As a hydromedusa, this small medusa has a velum and short manubrium. This
species is wider than high and has 4 unbranched radial canals
which have no lateral diverticula but run all the way to the bell
margin. The stomach is held tightly to the subumbrella rather than
hanging down well away from it with the manubrium. The lips of
the mouth are relatively short and the manubrium does not hang down
very far. The many (up to around 80), unbranched tentacles are of
similar length as one another, do not have prominente rings of
nematocycts, and are distributed evenly around the margin of the bell.
There are no ocelli at the base of the tentacles. The light-colored,
sausage-shaped gonads are associated with the outer ends of the radial
canals and are mostly attached along the canals rather than hanging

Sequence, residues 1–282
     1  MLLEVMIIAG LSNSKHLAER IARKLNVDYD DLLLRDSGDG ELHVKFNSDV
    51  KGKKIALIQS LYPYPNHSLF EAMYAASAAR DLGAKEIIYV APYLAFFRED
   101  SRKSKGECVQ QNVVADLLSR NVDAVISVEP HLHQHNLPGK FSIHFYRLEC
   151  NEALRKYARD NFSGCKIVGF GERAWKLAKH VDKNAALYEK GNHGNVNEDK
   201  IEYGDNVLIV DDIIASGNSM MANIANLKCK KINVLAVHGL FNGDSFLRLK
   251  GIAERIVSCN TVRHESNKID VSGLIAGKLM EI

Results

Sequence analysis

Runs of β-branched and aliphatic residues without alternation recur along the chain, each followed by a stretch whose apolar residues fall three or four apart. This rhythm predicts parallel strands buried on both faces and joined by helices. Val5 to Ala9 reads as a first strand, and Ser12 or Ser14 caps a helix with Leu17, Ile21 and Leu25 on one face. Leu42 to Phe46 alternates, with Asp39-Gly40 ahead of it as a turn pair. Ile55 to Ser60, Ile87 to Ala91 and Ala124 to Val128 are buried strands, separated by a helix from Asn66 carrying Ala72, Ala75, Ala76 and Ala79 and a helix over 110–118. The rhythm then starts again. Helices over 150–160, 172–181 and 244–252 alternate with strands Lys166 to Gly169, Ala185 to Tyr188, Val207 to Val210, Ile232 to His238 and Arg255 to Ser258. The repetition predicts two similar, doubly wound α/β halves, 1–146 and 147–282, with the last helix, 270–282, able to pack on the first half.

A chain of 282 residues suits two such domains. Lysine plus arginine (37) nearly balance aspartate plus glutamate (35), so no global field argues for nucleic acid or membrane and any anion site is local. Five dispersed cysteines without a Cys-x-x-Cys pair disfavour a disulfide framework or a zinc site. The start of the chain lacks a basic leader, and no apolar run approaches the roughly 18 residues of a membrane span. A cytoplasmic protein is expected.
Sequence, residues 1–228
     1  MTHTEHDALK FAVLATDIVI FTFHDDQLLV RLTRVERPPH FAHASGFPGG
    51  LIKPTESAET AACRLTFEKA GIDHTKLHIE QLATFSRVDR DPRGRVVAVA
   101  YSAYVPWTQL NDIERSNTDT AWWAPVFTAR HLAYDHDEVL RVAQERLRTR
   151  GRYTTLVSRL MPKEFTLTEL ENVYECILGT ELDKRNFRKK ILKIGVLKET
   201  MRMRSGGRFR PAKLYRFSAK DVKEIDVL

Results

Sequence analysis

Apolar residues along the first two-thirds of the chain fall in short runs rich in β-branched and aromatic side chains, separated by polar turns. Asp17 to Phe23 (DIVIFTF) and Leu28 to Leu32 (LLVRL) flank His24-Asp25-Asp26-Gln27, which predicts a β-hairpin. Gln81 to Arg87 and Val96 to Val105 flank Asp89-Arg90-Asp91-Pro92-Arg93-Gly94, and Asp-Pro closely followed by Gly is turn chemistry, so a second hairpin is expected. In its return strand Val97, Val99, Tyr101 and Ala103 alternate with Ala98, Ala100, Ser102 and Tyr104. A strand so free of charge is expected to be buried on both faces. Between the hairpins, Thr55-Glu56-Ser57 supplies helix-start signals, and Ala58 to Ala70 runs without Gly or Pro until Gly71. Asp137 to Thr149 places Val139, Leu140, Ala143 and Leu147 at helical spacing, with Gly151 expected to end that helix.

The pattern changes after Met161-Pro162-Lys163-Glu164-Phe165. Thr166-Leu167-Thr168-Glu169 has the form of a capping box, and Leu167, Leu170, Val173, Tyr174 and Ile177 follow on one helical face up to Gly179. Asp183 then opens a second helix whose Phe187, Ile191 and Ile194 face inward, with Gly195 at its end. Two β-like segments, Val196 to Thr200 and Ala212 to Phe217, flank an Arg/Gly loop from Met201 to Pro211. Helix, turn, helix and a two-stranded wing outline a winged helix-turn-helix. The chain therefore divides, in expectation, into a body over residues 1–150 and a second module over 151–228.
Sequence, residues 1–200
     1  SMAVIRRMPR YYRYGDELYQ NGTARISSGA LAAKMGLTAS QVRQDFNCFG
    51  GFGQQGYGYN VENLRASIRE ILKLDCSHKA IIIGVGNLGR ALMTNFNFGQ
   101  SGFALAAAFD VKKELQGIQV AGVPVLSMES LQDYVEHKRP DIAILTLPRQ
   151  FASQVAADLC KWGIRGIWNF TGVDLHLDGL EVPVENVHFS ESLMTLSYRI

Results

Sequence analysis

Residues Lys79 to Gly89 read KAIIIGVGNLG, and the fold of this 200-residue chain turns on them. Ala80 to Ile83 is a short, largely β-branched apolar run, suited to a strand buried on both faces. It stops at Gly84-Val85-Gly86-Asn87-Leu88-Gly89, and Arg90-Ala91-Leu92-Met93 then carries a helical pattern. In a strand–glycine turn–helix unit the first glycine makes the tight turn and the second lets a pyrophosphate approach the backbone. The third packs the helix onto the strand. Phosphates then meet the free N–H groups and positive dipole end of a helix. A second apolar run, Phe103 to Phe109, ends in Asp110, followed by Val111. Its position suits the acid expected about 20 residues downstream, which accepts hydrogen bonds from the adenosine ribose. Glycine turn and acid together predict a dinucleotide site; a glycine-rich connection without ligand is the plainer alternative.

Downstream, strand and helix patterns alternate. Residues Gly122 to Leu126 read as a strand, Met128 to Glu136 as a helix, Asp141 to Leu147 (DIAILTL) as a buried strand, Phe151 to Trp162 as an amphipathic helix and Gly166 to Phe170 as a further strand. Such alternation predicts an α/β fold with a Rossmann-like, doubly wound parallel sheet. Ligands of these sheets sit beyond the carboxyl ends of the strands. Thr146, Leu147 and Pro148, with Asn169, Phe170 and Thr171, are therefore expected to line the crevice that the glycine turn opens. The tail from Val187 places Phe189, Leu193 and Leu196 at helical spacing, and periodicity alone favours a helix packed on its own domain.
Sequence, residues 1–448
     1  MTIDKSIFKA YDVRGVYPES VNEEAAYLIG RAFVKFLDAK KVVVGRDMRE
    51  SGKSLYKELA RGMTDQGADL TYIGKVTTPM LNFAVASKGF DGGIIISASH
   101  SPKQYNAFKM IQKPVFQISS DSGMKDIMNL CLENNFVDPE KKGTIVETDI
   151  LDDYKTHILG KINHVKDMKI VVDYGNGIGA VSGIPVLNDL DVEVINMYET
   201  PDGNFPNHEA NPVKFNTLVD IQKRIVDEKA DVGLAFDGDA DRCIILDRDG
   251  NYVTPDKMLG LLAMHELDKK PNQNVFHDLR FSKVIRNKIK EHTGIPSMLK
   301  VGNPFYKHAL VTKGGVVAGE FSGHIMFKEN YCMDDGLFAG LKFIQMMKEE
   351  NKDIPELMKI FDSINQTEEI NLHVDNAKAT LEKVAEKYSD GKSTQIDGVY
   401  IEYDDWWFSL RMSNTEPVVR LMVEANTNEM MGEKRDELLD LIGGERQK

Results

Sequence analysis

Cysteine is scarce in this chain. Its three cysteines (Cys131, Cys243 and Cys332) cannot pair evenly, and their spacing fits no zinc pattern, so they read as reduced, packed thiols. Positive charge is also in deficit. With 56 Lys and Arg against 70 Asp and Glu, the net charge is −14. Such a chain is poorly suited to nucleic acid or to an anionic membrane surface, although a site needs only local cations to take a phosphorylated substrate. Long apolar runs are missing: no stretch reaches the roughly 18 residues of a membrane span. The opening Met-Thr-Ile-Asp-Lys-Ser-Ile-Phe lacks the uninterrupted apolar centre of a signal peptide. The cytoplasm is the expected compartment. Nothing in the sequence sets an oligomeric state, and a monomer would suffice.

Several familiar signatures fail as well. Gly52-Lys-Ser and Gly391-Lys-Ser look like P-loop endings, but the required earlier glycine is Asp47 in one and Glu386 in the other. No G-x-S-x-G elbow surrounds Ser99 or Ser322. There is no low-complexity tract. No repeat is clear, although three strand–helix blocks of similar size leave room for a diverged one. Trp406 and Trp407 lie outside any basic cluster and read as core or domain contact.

free under the subumbrella. Mature individuals are generally around 1.5
How to Distinguish
Similar Species: Clytia lomae matures at about 1 cm diameter. It has dark brown, gray, or yellowish gonads, and only up to about 40 tentacles. Mitrocoma cellularia
has up to 350 tentacles which alternate long and short; its lips
are long and extended, the gonads and/or the exumbrella may be
pale blue, and the gonads may be associated with the entire length of
the radial canals, especially the inner canal ends.
Alaska to central Oregon
Originally this medusa was known as Phialidium gregarium, but later it became known that it is the same genus as a Clytia hydroid species, so now it is known as Clytia gregaria.
The medusa can often be found in large aggregations. It swims in bursts
interspersed with slowly sinking while upside-down. The hydroid (polyp)
form of this species also occurs along our coast.
General Notes and
abundances, unusual behaviors:
Authors and Editors
Salish Sea Invertebrates web site provided courtesy of Walla Walla University